5 Life-Changing Skin Care Tips for the Ultra-Pale

5 Life-Changing Skin Care Tips for the Ultra-Pale
We're here to help, Harry.

By Adam Hurly. Photo: Getty Images.

Your face flares up every time you shave. Any exposed skin starts to burn moments after stepping into the sun. This is the saga of the super-pale: a constant battle against irritation, redness, and rosacea. But there's a way to build a specially-tailored skincare regimen that focuses on protecting your skin every step of the way. We asked dermatologist Bradley Bloom at Skin, Laser, and Surgery Specialists of NY & NJ for some expert advice. Follow these steps and you won't have to stay inside while the other kids play.

  1. Battle Shave Irritation with a Gel
  2. Minimize Sun Damage with Broad-Spectrum Moisturizer
  3. Prevent Dryness with a Gentle Daily Cleanser
  4. And by Moisturizing Immediately After a Shower
  5. Get an Rx for Redness and Rosacea

RELATED: Your 7-Step Guide to a Handsomer Face

1. Battle Shave Irritation with a Gel

The Vikings didn’t blink at pillaging, but, as some of the fairest-skinned warriors in history, they were terrified of irritation. That’s why their beards were so long, we’re thinking. (Shaving was scary back then). You, however, can preserve tough-guy status by switching your shave cream for gel; it shields your face and neck from ingrown hairs and redness. “Hydrating the skin is critical during shaving,” says Dr. Bloom. “Shaving gel not only hydrates the skin, but also allows the razor to glide more effectively, which reduces irritation and razor burn.” GQ recommends: AVEENO Therapeutic Shave Gel

2. Minimize Sun Damage with Broad-Spectrum Moisturizer

Pale skin has less sun-blocking melanin (that’s what makes people tan), so you need to be extra aggressive in blocking the sun’s UV rays. These rays cause freckles, wrinkles, burn, and even cancer. It’s easy to incorporate sun protection into your daily routine, though: Pick a moisturizer with broad-spectrum SPF defense (meaning it blocks both UVA and UVB rays). That way, you’re not lathering on some dense, waterproof sunscreen every time you go outside. Dr. Bloom suggests finding one that is also non-comedogenic (meaning it doesn’t clog pores) and fragrance-free. GQ recommends: Elta MD UV Daily Broad-Spectrum SPF40

3. Prevent Dryness with a Gentle Daily Cleanser

Cleansers might unclog the pores, but many of them will leave your delicate skin dried out and irritated. (And we know you’re avoiding skin-buffing exfoliators like the plague.) Dr. Bloom suggests skipping out on any heavy duty and harsh cleansers (including soap). Instead, pick a lipid-free product (meaning it is free of oils, and can be used with or without water) with a slightly acidic pH level to match your skin’s natural levels. (Most cleansers have a higher, almost-alkaline pH level that sturdier skin types can tolerate.) GQ recommends: Cetaphil Gentle Skin Cleanser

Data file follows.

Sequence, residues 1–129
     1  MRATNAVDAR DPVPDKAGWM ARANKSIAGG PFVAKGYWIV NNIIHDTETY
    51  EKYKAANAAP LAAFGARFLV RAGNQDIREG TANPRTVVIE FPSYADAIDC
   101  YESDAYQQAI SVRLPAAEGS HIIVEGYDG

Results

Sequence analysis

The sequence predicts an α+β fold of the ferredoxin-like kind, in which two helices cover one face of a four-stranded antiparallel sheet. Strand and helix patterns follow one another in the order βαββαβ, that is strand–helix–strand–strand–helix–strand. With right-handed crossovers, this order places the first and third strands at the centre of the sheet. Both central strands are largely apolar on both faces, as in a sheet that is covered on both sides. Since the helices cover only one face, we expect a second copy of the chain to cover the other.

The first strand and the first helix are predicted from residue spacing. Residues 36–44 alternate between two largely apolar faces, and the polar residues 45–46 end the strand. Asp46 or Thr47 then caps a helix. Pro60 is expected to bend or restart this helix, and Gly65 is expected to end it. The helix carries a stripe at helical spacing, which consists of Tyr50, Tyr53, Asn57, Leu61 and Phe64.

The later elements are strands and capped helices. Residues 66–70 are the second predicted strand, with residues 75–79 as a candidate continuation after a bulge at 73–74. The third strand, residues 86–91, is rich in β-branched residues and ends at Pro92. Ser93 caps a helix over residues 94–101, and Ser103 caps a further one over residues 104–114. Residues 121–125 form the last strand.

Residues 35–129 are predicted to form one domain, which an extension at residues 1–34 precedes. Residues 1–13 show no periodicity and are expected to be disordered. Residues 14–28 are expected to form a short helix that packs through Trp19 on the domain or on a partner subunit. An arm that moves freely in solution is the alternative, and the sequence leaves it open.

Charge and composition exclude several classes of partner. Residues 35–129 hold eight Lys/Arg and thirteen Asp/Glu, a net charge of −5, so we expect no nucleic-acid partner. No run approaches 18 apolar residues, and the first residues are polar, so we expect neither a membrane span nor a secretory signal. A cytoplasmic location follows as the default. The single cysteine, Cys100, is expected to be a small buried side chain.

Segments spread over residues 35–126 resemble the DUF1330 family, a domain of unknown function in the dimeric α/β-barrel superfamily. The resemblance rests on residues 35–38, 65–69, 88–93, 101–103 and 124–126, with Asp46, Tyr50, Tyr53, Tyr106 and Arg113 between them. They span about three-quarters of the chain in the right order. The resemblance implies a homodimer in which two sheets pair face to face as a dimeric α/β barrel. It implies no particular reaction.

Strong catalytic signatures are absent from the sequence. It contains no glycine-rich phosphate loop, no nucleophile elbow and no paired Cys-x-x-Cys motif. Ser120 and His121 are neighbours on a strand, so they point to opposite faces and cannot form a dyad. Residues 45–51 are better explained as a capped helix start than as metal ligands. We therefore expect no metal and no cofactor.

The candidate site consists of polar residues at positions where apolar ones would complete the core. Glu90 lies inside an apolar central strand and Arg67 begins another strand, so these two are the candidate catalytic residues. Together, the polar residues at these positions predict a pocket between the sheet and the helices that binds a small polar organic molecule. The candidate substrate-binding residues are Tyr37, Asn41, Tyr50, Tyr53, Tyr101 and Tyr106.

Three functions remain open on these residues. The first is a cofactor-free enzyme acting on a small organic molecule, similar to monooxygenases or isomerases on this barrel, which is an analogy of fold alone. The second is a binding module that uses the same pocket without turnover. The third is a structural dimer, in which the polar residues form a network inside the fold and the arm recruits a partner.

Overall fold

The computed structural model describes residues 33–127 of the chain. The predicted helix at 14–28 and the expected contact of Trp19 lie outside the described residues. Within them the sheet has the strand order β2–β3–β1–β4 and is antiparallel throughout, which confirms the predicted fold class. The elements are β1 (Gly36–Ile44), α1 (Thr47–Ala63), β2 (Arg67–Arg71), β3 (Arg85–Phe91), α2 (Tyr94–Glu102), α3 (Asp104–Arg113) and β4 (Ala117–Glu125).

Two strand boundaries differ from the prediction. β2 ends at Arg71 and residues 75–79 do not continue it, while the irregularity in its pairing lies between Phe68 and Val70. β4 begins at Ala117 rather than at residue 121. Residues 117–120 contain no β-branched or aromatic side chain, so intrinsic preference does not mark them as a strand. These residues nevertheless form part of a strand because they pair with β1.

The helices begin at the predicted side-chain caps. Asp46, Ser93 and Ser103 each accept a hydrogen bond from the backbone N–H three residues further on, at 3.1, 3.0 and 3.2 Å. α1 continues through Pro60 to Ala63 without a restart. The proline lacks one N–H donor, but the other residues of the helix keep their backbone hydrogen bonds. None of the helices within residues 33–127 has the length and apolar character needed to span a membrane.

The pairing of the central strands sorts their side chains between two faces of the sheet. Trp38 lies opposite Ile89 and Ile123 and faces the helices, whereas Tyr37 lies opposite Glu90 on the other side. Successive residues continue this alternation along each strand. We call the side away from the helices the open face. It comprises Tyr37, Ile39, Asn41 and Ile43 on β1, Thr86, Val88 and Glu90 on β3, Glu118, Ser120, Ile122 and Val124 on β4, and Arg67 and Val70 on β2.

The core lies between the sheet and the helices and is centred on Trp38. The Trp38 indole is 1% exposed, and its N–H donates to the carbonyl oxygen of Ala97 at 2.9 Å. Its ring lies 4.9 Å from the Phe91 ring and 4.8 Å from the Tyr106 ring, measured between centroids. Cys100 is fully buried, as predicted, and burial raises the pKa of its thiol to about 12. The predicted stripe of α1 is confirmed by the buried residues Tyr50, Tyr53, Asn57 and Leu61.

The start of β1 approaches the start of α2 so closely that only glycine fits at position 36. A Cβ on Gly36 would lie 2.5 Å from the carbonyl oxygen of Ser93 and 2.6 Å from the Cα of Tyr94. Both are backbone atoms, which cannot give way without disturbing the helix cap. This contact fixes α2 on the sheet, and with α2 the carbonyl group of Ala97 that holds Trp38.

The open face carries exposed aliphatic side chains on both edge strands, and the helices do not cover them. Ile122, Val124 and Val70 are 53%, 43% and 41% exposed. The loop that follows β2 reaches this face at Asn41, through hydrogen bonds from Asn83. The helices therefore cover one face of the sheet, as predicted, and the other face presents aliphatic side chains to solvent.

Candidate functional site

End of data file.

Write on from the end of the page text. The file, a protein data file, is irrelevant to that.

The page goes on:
RELATED: How To Keep Your Skin Looking Its Best This Winter

4. And by Moisturizing Immediately After a Shower

A steamy shower is great for washing away residue—literal or moral—but the hot water also strips away the natural oils in your skin. “It is important to apply moisturizer to damp skin immediately after a shower,” says Dr. Bloom. “Especially in dry winter months.” He adds that moisturizing the body (and face) before bed is most crucial in the winter, since the air is extra dry. Bloom suggests pairing your facial moisturizer with an oil-free, fragrance-free, non-comedogenic body lotion to instantly rehydrate the skin. GQ recommends: Neutrogena Hydro-Boost Gel Cream Extra Dry Skin

5. Get an Rx for Redness and Rosacea

Your doctor holds the final key: To remedy redness or rash-like rosacea in his own patients, Bloom prescribes topical creams or blood-vessel-targeting laser treatments that use intense pulsed light (IPL). Possible prescriptions to ask your doctor about include topical sulfacetamide 10% / sulfur 5%, metronidazole, azelaic acid (AzA), or topical ivermectin. GQ recommends: Speaking with your dermatologist about which approach is best for you

This story originally appeared on GQ.

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